It was such a nice passage and allowed me to learn more about myself, think about where I’d been in life and where I want to be. Being disconnected from social media, email, and the news was refreshing and something I long for quite frequently now.
When we finally sighted Grenada, I was thrilled to see land and explore a new country. But deep down, I was a little sad to reach the end of the passage. It was a momentous feeling when we set our anchor in Prickly Bay just before sunset. A feeling unlike any I’ve experienced before.
6. If you had to do it all over again, what would you change?
I would’ve planned better. Of course, I would—I’m Type A! 🙂
When I sold my house I had just started focusing on my freelance business. I was making very little money at it, because I was just starting out and building my client base. Once I no longer had a “home base” with reliable internet, it was more difficult for me to focus on building that business.
Fortunately, I had savings that I had started long before I knew I wanted to leave my career and do something different. When I sold my house, car and other belongings, I was able to add more cushion to my savings. So, that has really helped me over the last several years while I have been building up my freelance business.
Looking back, if I were to do it differently, I would have waited (perhaps 6 months longer) until I had an established freelance business behind me with a solid customer base and steady earnings flowing in.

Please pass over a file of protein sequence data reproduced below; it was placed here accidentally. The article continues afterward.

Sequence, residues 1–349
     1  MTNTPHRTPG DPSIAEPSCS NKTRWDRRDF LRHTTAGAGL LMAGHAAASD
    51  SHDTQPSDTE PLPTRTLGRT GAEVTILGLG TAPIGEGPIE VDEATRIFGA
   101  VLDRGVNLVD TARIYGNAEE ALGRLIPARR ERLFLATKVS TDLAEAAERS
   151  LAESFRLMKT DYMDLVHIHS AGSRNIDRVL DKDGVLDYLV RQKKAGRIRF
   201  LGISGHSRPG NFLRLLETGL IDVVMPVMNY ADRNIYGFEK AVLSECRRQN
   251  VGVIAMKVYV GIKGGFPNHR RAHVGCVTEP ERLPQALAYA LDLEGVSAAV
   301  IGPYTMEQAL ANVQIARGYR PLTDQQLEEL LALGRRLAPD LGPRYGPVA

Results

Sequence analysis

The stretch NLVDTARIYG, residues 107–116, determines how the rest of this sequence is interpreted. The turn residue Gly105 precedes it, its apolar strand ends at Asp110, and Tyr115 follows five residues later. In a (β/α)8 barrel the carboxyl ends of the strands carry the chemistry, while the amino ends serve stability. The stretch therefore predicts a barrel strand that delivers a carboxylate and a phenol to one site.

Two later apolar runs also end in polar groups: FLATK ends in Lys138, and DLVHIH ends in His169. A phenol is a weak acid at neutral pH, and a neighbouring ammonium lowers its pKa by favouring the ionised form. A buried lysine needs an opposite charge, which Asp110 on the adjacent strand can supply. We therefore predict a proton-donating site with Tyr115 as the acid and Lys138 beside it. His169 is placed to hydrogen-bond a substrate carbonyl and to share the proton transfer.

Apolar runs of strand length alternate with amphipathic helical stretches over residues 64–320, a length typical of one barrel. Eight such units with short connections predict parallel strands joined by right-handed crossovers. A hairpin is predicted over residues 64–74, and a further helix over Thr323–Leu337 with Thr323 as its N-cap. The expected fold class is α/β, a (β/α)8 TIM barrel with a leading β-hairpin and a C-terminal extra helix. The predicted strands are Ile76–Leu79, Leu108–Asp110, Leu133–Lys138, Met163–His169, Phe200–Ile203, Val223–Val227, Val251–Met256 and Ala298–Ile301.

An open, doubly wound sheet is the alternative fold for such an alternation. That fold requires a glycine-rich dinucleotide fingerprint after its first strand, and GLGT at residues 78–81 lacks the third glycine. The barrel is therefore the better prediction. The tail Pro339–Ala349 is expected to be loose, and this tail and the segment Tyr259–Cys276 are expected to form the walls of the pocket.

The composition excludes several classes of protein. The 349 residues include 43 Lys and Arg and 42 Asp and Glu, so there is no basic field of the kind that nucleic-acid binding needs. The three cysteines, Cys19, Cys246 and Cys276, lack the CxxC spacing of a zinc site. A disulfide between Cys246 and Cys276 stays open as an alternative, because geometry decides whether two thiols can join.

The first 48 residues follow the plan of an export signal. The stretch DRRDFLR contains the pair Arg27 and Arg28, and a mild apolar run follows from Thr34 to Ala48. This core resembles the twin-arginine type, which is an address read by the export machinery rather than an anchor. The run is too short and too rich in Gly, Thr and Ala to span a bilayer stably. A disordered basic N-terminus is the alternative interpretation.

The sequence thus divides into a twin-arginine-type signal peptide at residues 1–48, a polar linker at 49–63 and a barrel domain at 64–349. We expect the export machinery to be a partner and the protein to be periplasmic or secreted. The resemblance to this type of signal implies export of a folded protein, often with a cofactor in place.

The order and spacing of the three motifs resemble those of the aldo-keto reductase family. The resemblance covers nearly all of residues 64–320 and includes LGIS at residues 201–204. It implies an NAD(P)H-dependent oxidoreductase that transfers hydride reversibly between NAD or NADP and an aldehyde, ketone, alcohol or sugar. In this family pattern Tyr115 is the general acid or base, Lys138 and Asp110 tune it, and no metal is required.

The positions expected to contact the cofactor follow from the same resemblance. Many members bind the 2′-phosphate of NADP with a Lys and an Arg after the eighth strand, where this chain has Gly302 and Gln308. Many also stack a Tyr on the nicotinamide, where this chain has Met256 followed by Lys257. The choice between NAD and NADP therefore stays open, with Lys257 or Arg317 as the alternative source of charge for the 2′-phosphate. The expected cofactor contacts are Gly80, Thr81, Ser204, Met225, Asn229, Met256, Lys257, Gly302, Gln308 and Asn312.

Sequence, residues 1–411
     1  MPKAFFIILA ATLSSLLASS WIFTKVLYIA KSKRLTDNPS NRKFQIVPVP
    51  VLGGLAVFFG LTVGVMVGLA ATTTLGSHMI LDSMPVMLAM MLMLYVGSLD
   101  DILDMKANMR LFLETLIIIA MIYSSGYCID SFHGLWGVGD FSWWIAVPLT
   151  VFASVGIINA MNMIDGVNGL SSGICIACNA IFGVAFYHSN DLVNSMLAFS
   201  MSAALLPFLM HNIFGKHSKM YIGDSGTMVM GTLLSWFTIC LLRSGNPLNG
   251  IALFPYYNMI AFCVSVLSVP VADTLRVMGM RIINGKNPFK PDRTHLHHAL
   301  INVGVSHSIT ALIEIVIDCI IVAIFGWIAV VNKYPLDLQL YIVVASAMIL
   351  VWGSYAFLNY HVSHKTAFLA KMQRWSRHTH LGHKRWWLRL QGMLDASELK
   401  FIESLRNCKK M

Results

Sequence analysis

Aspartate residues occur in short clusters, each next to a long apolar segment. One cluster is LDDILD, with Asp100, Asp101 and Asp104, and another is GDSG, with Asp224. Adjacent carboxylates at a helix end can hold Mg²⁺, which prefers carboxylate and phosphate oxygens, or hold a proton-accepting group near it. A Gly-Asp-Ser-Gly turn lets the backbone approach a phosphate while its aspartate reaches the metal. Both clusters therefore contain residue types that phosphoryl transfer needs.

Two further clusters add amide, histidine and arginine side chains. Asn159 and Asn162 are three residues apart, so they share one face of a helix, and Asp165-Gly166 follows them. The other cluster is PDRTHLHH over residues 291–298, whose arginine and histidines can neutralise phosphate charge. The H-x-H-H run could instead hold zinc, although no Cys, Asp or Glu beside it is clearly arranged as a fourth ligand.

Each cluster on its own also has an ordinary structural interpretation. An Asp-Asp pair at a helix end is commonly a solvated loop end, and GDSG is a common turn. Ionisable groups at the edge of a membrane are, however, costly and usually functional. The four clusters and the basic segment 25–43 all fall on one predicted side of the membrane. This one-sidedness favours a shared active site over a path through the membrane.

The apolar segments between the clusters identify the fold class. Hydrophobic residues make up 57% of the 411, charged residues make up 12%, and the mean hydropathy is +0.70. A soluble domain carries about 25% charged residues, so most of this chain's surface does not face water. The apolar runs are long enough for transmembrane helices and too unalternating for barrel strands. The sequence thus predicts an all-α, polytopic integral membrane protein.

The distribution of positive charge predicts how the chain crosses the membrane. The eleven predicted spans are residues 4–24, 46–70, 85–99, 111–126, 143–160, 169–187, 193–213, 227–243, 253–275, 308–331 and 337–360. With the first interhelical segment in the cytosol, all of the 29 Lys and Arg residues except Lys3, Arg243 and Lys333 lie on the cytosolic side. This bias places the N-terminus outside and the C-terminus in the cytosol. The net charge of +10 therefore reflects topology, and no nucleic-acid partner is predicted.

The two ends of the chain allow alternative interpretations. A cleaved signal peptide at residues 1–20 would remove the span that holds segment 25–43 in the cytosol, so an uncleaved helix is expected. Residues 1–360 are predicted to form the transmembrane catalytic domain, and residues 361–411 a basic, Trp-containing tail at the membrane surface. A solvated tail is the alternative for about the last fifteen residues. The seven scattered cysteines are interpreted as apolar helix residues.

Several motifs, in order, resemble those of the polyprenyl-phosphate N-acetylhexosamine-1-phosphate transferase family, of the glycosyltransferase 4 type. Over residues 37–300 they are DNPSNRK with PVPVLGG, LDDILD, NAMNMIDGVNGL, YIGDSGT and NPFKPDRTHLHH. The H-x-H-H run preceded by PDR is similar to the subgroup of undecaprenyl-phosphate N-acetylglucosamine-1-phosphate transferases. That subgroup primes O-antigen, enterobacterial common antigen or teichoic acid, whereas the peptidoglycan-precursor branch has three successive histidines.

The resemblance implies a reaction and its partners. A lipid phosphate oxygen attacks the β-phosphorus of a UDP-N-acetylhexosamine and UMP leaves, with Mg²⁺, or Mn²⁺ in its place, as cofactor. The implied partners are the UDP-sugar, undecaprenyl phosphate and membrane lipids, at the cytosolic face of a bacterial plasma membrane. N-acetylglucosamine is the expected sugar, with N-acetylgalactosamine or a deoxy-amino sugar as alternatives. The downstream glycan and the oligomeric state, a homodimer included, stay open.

7. What are the top three things that you’d recommend newbie sailors to get to grips with before sailing away?
- Understand that it is a lovely way of life, but it is not without stress. While it is a simple way of life, simple does not mean easy. Talk to as many cruisers as you can and be sure to ask them about the challenges they face. Try to get a good feel for what it’s really like – the good and the bad.
- Embrace flexibility and go with the flow. Traveling by sail is completely different from traveling by plane or car. If you are able to go without a strict schedule or plan, it will be much more enjoyable and you won’t find yourself taking unnecessary risks in order to get somewhere by a certain date.
- Figure out how you will fund the lifestyle ahead of time. It will take a lot of pressure and stress off your shoulders if you have a plan in place.
8. Anything else?
Don’t let people talk you out of it. If it’s something that you really want to do, and if you have a plan in place that you truly believe will work for you, don’t let others convince you that you shouldn’t do it.
There will be people who tell you that it’s impossible or unrealistic. Some people will try to make you feel guilty for trying to do something different. They will look at your lifestyle change negatively — the nay-sayers. But don’t lose focus. Talk to the people who are there for you and are supportive of your dreams and visions in life. They are the ones who will help you keep your eye on your goals and will celebrate with you when you achieve your dreams.
Where to find Julia online:
I’ve recently decided to start sharing the stories of others who are living alternatively through my website, Prepare to Tack. If you’re interested in learning about different ways of life from real people who are out here making it happen, check it out.
I’m also on Instagram, where I share photos and thoughts of my day to day life. Give me a follow there and send a message — I’m always happy to connect with others and answer any questions they may have about my alternative lifestyle. @traveling_jules https://www.instagram.com/traveling_jules/
Other Articles You Might Find Interesting:
- The 11 Secrets To Long Term Cruising
- How To Fit In As A New Cruiser
- Read an article/interview that Julia did with me here: Family Of Three Sold Everything To Go Sailing: Kim Brown on Sailing Britican